2nd Annual Massachusetts School Breakfast Report Card
Today, Thursday, May 3, The Eos Foundation released their Second Annual Massachusetts School Breakfast Report Card, “Ending Hunger in Our Classrooms: Expanding After the Bell Breakfast to Fuel Student Learning.” The report includes a definitive ranking of the state’s 638 high poverty schools on their school breakfast participation rates – a measure of success for alleviating childhood hunger.
“Today, more students in Massachusetts’ high poverty schools are eating breakfast than at any point over the last 10 years,” states the report.
However, despite recent increases in school breakfast participation, over 150,000 low-income students are still missing a nutritious meal at the start each school day.
The report highlights childhood hunger as a contributor to the achievement gap and calls for the adoption of free breakfast after the bell across the state’s highest poverty schools (those with 60 percent or more of students qualifying for free or reduced-price meals).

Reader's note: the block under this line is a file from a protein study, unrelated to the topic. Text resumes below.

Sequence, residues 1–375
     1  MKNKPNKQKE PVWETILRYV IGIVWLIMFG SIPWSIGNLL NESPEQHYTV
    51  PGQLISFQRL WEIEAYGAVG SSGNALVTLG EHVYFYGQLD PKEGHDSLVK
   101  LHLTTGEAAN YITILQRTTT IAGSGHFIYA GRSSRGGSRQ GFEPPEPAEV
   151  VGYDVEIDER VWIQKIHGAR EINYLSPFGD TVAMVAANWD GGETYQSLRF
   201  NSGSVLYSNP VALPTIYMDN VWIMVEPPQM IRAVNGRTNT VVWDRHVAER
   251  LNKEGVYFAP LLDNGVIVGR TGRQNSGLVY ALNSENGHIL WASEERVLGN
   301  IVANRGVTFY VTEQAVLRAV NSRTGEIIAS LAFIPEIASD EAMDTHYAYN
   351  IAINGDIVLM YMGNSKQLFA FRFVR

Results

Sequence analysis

New Bedford takes the #1 rank this year with 82% of students participating in breakfast. Everett and Holyoke showed some of the greatest gains this year, which are attributed to adoption of after the bell breakfast in the classroom.
The report confirms most Massachusetts schools still offer breakfast before the bell, which significantly limits student access and participation. By moving breakfast to after the bell, all students have equal access to the meal and participation rates soar, leading to better academic and health outcomes for kids.
If all high poverty schools adopted and ran optimal after the bell programs they could bring in an additional $25-$32 million in federal reimbursements to cash-strapped district nutrition departments statewide.
The Massachusetts Senate Committee on Ways and Means is currently reviewing legislation, S.2441 An Act Regarding Breakfast After the Bell, that would require high-poverty schools to adopt this best practice.